Home TEFL forum Grammar & Vocabulary Can/Can’t and have to/don’t have to

Can/Can’t and have to/don’t have to

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  • petaleigh
    Participant
    12 April, 2011 at 13:58
    • Total posts: 1

    Hi there.
    Can anyone give me some easy games/ideas to get the concept of when we use these two … have covered in class but confusion has reigned with:-

    Muslims don’t have to eat pork- should be can’t
    In the UK you can drive on the left. should be have to

    Students are getting confused with both – any lesson ideas greatly appreciated.

    KarinThomas
    Participant
    10 July, 2011 at 8:36
    • Total posts: 3

    Reply To: Can/Can’t and have to /don’t have to

    Maybe you could case it as a series of rules or something.

    Set it up so that you write some rules with the class (example) like:

    No spitting
    Don’t speak loudly
    Walk in the hall
    Listen to your classmates
    Listen to your teacher

    Then you can incorporate the language into it after. The conceptual difference between those is that one is possible, while the other is something that you must or must not do. The students generally can’t be taught by saying the sentence I just wrote for you, but they can understand through deduction and reasoning. Change some of the words like ‘walk’ above to ‘run’ and then ask the questions: Can you run?–of course you can, it’s possible. Do you have to run? — no that’s silly. Can you walk in the halls? – yes, again, it’s possible…"Do you have to walk in the halls? – yes, why? because running is dangerous etc. etc. If you use four examples like the ones above and deduce them in this way, it might help the students to understand.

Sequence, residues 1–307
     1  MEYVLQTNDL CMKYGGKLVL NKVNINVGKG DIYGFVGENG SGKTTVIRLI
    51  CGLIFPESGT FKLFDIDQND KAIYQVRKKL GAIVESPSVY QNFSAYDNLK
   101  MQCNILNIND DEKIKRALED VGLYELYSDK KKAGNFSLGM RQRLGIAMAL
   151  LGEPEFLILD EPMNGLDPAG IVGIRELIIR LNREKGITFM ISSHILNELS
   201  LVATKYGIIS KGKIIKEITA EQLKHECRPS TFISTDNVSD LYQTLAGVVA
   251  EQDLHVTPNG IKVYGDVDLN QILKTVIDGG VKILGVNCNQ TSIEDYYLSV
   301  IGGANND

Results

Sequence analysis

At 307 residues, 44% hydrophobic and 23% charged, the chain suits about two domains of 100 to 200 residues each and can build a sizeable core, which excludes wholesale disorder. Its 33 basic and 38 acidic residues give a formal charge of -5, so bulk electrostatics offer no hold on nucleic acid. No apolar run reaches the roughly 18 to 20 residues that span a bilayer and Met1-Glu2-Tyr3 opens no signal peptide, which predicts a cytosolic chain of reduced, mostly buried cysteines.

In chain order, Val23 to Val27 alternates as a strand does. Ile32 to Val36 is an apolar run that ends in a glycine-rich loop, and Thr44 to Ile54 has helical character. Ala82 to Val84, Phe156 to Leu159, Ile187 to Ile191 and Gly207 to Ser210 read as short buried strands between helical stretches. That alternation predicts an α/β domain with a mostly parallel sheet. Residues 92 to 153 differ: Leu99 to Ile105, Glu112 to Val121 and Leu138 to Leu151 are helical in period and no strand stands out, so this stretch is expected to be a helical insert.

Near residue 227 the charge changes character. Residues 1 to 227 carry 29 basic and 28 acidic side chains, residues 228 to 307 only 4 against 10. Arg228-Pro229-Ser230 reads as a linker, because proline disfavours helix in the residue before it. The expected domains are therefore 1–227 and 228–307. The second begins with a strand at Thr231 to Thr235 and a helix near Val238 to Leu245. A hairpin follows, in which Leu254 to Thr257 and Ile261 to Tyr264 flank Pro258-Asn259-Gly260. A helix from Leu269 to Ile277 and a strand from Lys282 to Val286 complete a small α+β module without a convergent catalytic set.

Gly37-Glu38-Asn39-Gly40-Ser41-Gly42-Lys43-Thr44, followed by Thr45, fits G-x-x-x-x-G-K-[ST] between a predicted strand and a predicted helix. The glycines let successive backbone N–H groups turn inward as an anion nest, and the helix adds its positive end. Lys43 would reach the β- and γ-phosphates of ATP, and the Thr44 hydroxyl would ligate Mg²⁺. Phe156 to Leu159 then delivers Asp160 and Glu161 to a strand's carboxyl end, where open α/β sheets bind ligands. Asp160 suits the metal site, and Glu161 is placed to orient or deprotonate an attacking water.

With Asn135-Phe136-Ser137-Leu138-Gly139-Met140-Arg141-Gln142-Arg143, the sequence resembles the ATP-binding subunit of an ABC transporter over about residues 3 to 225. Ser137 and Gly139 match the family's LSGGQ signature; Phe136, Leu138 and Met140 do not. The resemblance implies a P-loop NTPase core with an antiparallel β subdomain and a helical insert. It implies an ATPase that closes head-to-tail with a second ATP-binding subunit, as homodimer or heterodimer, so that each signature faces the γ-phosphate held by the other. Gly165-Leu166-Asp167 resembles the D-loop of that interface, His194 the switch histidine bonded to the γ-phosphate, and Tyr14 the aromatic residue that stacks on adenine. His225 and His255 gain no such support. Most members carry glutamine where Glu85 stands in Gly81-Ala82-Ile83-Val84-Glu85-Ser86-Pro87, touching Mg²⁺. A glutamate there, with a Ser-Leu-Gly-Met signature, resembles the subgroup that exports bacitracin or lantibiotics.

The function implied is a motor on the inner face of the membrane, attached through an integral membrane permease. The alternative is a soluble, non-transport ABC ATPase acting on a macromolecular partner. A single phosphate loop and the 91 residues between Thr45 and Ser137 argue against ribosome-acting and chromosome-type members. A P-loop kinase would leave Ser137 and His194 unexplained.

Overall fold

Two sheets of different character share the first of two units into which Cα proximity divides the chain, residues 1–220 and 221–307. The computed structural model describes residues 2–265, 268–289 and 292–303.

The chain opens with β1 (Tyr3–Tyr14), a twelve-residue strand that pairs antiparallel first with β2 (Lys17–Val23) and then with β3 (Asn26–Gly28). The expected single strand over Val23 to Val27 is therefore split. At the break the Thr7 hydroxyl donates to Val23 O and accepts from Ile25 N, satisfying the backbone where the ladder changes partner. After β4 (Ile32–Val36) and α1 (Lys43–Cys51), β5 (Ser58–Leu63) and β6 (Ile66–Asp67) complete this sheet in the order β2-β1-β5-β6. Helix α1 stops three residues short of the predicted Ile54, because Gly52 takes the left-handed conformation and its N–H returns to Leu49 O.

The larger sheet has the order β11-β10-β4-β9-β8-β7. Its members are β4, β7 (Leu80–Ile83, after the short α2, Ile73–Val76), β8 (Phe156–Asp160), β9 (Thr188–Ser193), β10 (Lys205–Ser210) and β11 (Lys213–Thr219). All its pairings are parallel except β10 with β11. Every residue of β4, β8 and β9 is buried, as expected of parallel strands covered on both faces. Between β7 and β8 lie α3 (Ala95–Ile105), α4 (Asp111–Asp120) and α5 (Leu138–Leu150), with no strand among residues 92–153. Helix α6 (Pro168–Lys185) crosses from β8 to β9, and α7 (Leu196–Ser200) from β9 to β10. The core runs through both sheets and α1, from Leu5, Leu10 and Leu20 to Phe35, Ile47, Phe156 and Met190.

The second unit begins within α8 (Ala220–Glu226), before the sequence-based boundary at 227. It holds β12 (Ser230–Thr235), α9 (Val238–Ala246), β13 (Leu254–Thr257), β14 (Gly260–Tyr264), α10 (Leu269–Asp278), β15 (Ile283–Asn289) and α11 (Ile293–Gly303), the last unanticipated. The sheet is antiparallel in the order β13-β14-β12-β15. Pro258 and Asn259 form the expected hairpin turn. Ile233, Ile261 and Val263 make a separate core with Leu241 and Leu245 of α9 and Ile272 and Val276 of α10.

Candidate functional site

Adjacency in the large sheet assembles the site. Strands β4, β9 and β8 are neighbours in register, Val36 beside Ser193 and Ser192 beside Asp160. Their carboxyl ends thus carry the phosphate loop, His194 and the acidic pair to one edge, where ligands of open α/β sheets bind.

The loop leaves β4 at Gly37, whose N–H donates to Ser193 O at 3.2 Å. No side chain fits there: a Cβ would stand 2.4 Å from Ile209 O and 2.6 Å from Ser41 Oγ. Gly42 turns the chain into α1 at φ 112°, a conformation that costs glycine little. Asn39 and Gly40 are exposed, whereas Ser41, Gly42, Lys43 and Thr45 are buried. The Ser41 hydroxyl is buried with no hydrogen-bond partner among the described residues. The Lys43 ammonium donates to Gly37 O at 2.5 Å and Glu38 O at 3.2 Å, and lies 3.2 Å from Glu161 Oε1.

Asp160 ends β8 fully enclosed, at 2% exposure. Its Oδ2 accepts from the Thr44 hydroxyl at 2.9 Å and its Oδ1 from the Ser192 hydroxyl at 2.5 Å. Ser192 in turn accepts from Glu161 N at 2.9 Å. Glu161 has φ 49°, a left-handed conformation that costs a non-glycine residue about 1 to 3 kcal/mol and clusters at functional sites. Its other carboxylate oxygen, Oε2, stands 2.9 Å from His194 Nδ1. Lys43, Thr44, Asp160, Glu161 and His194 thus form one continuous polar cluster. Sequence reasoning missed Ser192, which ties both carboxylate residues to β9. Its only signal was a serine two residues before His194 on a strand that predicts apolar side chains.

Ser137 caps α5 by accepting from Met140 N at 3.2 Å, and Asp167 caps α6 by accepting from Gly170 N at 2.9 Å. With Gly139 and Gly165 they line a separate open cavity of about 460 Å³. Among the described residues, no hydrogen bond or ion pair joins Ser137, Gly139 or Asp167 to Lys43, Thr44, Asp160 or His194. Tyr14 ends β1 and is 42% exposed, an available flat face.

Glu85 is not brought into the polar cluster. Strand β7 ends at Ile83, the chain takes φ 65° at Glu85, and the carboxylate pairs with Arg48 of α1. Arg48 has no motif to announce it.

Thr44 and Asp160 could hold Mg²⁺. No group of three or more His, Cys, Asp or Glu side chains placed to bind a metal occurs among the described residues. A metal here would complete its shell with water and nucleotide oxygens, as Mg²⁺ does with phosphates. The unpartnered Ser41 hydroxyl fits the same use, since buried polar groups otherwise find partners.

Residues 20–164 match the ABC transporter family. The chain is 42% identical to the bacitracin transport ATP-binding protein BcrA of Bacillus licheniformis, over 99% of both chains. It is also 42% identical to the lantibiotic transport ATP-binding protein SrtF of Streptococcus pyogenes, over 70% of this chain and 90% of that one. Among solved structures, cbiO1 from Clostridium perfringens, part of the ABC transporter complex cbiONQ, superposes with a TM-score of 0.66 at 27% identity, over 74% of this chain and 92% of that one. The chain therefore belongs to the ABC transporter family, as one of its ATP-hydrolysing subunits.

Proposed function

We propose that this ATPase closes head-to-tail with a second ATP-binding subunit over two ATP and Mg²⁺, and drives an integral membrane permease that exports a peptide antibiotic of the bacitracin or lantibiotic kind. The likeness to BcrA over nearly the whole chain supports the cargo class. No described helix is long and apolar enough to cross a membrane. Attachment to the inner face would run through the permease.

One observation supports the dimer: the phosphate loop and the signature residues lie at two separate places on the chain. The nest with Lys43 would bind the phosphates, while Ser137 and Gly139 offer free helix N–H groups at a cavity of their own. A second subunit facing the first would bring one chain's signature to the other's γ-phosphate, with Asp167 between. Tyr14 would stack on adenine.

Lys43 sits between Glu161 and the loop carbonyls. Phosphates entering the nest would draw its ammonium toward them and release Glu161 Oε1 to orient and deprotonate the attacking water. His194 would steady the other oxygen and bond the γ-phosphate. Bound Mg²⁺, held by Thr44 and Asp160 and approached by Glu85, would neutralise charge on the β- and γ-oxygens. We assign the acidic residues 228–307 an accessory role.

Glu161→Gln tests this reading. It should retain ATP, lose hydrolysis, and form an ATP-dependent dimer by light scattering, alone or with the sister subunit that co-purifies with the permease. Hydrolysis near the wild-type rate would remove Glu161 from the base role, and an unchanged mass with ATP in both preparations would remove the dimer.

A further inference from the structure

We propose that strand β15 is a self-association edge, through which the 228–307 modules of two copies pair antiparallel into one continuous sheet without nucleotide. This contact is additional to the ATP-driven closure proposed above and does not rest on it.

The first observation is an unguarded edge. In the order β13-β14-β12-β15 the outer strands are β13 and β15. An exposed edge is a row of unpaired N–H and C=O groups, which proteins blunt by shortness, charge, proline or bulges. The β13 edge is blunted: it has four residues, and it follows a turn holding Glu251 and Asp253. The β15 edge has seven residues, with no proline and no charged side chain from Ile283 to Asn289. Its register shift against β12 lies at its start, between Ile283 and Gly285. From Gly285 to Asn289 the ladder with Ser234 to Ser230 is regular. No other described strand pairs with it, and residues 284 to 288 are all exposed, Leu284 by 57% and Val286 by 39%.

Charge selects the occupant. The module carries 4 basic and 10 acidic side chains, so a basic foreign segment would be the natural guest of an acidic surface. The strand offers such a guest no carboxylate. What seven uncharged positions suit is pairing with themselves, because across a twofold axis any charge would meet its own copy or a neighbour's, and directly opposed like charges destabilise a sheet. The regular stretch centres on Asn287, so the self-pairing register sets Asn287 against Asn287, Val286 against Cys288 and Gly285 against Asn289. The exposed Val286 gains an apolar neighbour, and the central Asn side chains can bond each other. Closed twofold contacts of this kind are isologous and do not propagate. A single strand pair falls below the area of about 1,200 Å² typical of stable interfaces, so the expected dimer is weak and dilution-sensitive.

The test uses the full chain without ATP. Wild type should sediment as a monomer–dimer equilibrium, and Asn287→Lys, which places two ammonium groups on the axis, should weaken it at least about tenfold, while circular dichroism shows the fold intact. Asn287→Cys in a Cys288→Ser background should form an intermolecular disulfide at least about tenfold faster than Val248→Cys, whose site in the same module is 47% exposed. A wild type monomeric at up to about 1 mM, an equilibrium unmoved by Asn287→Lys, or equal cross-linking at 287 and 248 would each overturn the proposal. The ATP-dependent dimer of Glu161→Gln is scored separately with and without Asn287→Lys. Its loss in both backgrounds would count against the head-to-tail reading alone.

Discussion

I think you have to isolate these concepts and then check with the students that they are able to respond and understand in context. Just an idea. I’m new to teaching but been trying to read up on some stuff, and won’t know if any of this works till I get to sink my teeth into the classroom. I suggest reading a bit of Jeremy Harmer, he seems to know tons of stuff about teaching theory–and can explain it better than I!!!

    Cheers!

    Karin

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